Playing With Hambly!!
Right at Home Summer Art Retreat...

Packing for a Crop

I seem to be going to a lot more crops lately. This year I've been to two weekend retreats (it will be three after this weekend) and four day long crops. This is GREAT! I love and adore the social aspects of scrapbooking and always look forward to spending time with other fanatics. Of course, cropping on the go is a lot less convenient than cropping at home. But, I've been to enough now that I think I have it down to a science (well, a philosophical and mostly theoretical science):

STEP #1: Convince yourself that you don't need to bring everything you own.

This is really difficult. I mean, you never know what you're going to need, right?! But, I have discovered a solution...

STEP #2: Make page kits.

Yeah, I'm not really a page kit person. I mean what's the point. Why don't you just scrap the photos if you're going to go to all that trouble!? Plus, it's so constricting! After resisting and resisting, here's what I've finally figured out works for me:

1. Review what photos I'm going to bring and divide them into how I'm going to scrap them.

For example, if I've got a bunch of photos from a birthday party, I might divide them up into:

• Cake photos: for a layout about the cake and blowing out the candles.
• Atmosphere photos: for a layout about the decorations and the preparation.
• Birthday person photos: for a layout about that person and the year behind or the year coming.
• Guest photos: for a layout about who came to the party.

Now, see I've already got a start on my journaling! And it may be that I have fifty guest photos, so I'll be subdividing once I'm at the crop.

2. Based on the photos, make paper choices.

I'm sure that some people are able to pick out the perfect piece of paper right away. I can't do that. I'm a paper pusher around-er. So, I take the following steps for each group of photos:

• Choose three potential patterned papers.
• Choose several cardstock companions.
• Throw in one wild card paper (deeply contrasting, an unusual choice, etc.) for good measure.

Okay, we're half way done! At this point, I place the photos in envelopes and paperclip them to the appropriate paper stack.

3. Gather specifics.

What are specifics? Specifics are things you intend to use with specific photos. Some examples:

• Memorabilia: a ticket stub to go with the photo of you at the show.
• Embellishment: a sticker or button or something else that you bought with these photos in mind.
• Journaling: maybe you have a diary or blog entry you're using as a base, or an inspirational quote.

I don't tend to have a lot of specifics, because that's not that way I scrapbook. But, if I have any, the specifics go into the envelope with the photos and the page kits are DONE!

STEP #3: Prepare your tool box.

This is where you have to make some hard decisions. I divided my choices into several parts:

Level One: What I use every time I sit down to crop.

This is the stuff that I literally cannot function without.

• Tweezerbee Tweezers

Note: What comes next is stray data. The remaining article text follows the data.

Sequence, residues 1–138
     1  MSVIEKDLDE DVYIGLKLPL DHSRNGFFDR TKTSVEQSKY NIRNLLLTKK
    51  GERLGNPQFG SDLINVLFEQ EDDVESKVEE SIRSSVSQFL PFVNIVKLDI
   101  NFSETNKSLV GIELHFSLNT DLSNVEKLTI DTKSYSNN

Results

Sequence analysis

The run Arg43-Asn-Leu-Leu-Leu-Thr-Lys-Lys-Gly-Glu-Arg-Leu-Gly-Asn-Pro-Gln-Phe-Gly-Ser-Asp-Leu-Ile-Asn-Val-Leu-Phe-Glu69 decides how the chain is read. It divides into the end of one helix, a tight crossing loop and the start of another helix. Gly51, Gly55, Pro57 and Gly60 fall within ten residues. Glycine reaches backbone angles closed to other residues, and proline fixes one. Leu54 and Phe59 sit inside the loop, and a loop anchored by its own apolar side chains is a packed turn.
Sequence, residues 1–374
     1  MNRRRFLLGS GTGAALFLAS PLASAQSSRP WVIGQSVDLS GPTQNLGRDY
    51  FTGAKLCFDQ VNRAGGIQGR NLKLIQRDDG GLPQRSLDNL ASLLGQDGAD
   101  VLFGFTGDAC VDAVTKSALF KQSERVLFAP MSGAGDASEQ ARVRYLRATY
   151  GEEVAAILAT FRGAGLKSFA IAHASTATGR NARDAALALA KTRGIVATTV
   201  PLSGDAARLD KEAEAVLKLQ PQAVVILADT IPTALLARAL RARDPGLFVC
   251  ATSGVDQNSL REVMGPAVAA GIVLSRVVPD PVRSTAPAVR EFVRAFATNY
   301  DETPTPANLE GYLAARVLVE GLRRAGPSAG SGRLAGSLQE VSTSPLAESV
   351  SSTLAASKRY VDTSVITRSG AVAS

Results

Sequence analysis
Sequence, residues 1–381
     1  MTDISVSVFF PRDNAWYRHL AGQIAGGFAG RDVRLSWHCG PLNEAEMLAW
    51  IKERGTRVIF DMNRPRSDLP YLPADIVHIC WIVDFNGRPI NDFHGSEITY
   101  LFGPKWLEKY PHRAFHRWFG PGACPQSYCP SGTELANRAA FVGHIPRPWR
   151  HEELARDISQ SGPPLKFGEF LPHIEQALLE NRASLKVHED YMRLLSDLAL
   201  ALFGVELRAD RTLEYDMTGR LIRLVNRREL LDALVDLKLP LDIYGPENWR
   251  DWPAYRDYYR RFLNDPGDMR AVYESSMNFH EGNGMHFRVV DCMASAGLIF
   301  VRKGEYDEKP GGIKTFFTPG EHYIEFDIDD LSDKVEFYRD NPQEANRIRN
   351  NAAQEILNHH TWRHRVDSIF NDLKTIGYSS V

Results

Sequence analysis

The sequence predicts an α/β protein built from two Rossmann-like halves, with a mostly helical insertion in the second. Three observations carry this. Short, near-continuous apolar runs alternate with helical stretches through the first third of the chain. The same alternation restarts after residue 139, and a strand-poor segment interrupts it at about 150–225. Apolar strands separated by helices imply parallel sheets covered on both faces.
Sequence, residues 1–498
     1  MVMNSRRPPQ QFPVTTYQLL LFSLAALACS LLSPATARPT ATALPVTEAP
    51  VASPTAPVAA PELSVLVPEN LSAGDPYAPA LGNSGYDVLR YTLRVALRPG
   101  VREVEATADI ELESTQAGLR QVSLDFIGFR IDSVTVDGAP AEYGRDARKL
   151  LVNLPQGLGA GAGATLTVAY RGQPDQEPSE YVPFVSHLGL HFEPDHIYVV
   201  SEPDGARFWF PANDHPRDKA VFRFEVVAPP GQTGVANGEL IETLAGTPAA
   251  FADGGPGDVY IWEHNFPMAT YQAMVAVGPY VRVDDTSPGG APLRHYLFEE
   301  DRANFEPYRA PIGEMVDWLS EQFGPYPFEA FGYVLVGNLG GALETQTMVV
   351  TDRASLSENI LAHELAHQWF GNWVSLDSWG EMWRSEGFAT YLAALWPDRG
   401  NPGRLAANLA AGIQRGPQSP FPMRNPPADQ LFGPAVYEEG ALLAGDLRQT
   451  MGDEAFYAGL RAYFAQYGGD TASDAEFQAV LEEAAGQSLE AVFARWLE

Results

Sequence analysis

• Cutterbee Scissors
• Paper Trimmer
• White Eraser
• Adhesive Eraser
• Rub On Tool/Bone Folder
• Exacto Knife
• Black Pens (01, 03, 05, 08)
• Mechanical Pencil
• Ruler
• White Pen
• Adhesive: glue dots (mini and craft), herma (permanent and removable), Zig glue pen, scrapbooking tape
• Black Ink Pad

All of this immediately goes into my bag.

Level Two: Things I want to bring.

This is stuff that I like using, but don't necessarily use every single time.

• Black marker
• Water Brushes
• Water Color or Acrylic Paints
• Adhesive: foam adhesive
• Alphabet Stamps
• Acrylic Block
• Stamp Pads: brown, blue, red, orange, etc.
• Journaling Spot Stamps
• Design Stamps
• Baby Wipes
• Colored Pencils
• Markers
• Small Xyron
• Brayer
• Glass Mat
• Circle Cutter
• Stapler

Some of this stuff ends up in my bag. I pick and choose from this list.

Level Three: Extravagances.

As the name suggests, this is stuff that I would bring if it weren't such a pain to transport and deal with.

• Photo Printer and Laptop
• Large Xyron
• Die Cutting Machine
• Heat Gun (just because electricity can be an issue)
• Ott Light (again beause electricity can be an issue)
• Embossing Powder (just messy at a crop, and you have to have the heat gun)
• Foam Stamps (bulky and cleaning them at a crop is hard)

Usually, none of this stuff ends up in my bag.

STEP #4: Words, words, words.

It's time for me to pack the alphabets! For a short crop (one day as opposed to a weekend) I just pack black and white alphas (rub-ons and stickers). They go with everything and the white ones can be colored if needed. You can also use them as templates for cutting letters out of patterned paper or cardstock. For a weekend, I will pack some chipboard and a few colored alphas.

I like to transport mine in either an accordian file (if I'm bringing a lot) or a plastic 12x12 envelope (for just a few).

STEP #5: The overpacking/underpacking danger zone.

For me, embellishments are the big question mark. Sometimes I bring too many and I never even look at them and other times I bring too few and I'm constantly frustrated! I haven't quite found the answer to this question. The most success I've had is in bringing along a set of drawers I have with little embellishments stored by color. If you have a great solution for this, please help me!

STEP #6: Try to carry it all down the streets of New York

Yeah, this is the hardest step of all! Without a car, relying on public transportation only, this is the part I *hate.* But, it's okay, because...

STEP #7: Scrap your brains out!!!

The best part!